Schollenberg didn’t grow up dreaming of being a professional fundraiser — she wanted to be a social worker — but the career seemed to be in the cards from Day 1.

In Grade 4 at Dalhousie School, she raised money to help Assiniboine Park Zoo bring in a snow leopard. After graduating from Fort Richmond Collegiate, she got a certificate in child care at Red River College, then landed a job in student records at the U of M.

Then she took a course in fundraising at Red River and got hired in 1999 to help drum up cash for the Royal Aviation Museum of Western Canada. Schollenberg has always had a special knack for asking people to cough up cash for worthy causes.

"I always volunteered at things. I was always fundraising for something. I had no problem asking people, if I felt passionate about something, to help support it and give money for a cause," she recalls with a laugh.

In 2001, she started at the rehabilitation foundation as a development officer, the non-profit’s first full-time fundraiser. Nine years later, she stepped into the top job as executive director.

"Our team here has been absolutely amazing. I can’t say enough how generous this city is. The amount of support we’ve received over this past year is just amazing." ‐ Christine Schollenberg

Unlike many charities, she explains, the foundation has found a silver lining amid a global COVID-19 pandemic that has made in-person fundraising events a thing of the past and virtual campaigns the hot new trend.

"You know what, honestly, the first year you’re trying to figure everything out, you’re trying to reinvent, pivot, everything’s virtual," she says. "We’ve actually blown things out of the water. Our team here has been absolutely amazing. I can’t say enough how generous this city is. The amount of support we’ve received over this past year is just amazing.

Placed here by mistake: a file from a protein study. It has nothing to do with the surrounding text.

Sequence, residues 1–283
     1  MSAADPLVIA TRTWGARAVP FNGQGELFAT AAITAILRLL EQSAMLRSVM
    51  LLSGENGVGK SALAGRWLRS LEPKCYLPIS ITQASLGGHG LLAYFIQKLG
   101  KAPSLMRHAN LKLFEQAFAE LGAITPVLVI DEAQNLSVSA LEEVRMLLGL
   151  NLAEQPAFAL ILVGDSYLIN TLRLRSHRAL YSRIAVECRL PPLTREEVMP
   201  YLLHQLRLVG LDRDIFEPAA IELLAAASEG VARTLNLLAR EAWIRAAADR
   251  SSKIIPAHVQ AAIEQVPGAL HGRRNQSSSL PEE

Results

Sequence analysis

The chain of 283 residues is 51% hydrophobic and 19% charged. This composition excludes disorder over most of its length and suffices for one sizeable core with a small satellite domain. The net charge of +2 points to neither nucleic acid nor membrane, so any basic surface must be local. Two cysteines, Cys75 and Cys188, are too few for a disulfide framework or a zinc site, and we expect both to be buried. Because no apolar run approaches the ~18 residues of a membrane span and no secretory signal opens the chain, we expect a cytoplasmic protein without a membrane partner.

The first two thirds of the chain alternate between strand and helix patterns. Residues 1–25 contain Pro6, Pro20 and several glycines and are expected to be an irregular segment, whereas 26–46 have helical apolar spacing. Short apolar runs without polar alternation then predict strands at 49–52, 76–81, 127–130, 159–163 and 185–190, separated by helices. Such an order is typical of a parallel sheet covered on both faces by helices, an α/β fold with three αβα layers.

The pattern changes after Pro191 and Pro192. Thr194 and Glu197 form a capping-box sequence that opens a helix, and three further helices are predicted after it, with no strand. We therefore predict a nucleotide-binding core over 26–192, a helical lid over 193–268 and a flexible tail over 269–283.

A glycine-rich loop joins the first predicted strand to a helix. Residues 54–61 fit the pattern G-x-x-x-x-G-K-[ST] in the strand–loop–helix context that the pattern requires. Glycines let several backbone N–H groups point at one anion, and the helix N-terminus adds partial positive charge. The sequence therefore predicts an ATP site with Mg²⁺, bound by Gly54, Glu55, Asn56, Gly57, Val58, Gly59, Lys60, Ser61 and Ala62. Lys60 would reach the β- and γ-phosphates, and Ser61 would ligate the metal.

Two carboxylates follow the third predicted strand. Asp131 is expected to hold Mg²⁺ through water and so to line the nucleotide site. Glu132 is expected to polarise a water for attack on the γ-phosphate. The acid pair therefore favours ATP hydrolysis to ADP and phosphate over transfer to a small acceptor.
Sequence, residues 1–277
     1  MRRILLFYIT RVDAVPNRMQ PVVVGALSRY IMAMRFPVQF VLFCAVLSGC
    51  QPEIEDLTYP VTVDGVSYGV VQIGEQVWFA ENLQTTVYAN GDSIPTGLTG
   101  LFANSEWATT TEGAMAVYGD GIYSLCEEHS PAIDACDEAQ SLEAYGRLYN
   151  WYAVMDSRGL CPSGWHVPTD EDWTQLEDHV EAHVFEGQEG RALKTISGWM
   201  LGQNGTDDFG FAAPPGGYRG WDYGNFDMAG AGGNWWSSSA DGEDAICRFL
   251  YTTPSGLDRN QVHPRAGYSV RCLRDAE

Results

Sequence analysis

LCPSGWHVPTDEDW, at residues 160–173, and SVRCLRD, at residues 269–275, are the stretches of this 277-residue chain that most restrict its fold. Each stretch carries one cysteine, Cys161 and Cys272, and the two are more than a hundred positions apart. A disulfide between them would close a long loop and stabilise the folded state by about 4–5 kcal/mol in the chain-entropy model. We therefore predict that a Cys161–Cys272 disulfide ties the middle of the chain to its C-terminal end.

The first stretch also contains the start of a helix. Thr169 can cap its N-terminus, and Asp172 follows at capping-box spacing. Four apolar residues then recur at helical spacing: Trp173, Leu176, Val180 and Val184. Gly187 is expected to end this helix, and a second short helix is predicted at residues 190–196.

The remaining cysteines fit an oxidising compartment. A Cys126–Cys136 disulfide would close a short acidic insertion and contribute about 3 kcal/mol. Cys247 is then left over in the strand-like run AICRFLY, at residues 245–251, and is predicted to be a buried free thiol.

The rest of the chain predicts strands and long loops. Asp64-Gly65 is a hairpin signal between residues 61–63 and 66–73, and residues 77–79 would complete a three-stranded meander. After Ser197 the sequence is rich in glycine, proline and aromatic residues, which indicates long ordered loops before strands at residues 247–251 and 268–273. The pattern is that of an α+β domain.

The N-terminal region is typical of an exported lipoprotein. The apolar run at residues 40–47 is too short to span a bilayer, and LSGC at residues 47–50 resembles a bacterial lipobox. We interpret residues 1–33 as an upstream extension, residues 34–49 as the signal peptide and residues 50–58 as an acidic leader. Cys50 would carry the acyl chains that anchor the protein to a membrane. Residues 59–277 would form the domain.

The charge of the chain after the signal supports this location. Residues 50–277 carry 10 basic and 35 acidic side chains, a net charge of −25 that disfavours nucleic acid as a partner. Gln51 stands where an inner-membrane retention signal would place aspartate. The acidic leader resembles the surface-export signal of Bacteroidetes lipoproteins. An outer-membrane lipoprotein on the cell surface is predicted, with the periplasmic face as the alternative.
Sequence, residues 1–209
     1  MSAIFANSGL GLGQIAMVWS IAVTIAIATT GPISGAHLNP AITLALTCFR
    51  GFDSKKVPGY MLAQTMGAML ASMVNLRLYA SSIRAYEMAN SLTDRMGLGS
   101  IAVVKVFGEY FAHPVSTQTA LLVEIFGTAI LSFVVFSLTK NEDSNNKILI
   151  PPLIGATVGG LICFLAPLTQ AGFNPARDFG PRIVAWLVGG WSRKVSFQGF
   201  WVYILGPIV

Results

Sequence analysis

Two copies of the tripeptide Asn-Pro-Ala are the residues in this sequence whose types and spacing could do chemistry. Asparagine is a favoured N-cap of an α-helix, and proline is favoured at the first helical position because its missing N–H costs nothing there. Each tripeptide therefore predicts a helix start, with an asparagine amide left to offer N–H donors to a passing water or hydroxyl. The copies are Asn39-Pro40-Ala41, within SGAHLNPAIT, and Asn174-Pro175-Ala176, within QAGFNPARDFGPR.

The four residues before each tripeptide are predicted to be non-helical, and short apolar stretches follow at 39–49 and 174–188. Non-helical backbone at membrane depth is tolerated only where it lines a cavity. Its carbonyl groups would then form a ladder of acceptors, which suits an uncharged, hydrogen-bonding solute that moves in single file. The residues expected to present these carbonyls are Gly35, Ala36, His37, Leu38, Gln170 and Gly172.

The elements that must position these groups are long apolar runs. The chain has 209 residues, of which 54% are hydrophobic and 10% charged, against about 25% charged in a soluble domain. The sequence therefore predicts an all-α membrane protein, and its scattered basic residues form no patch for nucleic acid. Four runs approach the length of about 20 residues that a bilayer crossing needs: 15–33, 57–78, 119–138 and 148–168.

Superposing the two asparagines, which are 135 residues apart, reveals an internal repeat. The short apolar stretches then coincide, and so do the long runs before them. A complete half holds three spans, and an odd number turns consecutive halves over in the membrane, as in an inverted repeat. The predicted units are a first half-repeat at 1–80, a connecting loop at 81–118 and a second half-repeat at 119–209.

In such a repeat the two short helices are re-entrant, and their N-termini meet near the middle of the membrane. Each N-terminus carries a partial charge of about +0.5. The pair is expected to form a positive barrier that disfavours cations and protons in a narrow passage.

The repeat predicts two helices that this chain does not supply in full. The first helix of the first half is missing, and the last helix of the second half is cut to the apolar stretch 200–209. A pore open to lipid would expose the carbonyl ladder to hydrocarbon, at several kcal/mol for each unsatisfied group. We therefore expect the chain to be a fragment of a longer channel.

"The foundation did a bike campaign, 25 bikes we had to fund … and they raised almost $100,000. That’s crazy. That’s the generosity of this city."

Consider the annual Smile Cookie campaign, which, in the first year of the pandemic, raised a record $175,297. "We were at the mercy of the generosity of Winnipeg and everybody just bought smile cookies," she says. "I think it was a really nice way to thank people. Everyone was wanting to thank the first responders, wanting to thank the police, wanting to thank the fire department, wanting to thank the school, wanting to thank the day care."

Donations and grants are the foundation’s only means to survival as it receives no government or United Way funding. "We work hard for the money," Schollenberg quips, singing a snippet of the 1983 Donna Summer disco hit.

Meet the new boss

SUPPLIED</p><p>Jane Kidd-Hantscher is the incoming executive director of the Children’s Rehabilitation Foundation, taking over from retiring boss Christine Schollenberg.</p></p>

SUPPLIED

Jane Kidd-Hantscher is the incoming executive director of the Children’s Rehabilitation Foundation, taking over from retiring boss Christine Schollenberg.

Jane Kidd-Hantscher knows she has a big job in front of her.

Kidd-Hantscher, 51, is the incoming executive director of the Children’s Rehabilitation Foundation, taking the reins from Christine Schollenberg, who retires at month’s end.

“First of all, I’m thrilled and honoured for the opportunity,” Kidd-Hantscher said last week in a phone call from her cottage in northwestern Ontario. “I know I have huge shoes to fill.

Jane Kidd-Hantscher knows she has a big job in front of her.

Kidd-Hantscher, 51, is the incoming executive director of the Children’s Rehabilitation Foundation, taking the reins from Christine Schollenberg, who retires at month’s end.

“First of all, I’m thrilled and honoured for the opportunity,” Kidd-Hantscher said last week in a phone call from her cottage in northwestern Ontario. “I know I have huge shoes to fill.

“I know people who know Christine and they speak incredibly highly of her. It will be a huge learning curve, but I’m very excited.”

A lifelong Winnipegger, the new foundation boss spent the past six years as director of marketing and communications for CancerCare Manitoba Foundation. Prior to that, she spent 23 years in a variety of posts at Centra Gas and Manitoba Hydro.

A mother of three, her first day on the job was June 22, allowing her to spend a couple of weeks learning the ropes with Schollenberg. “The first goal I have is to learn, learn, learn,” she said. “Learning will set up understanding what we could do more of, particularly on new initiatives.”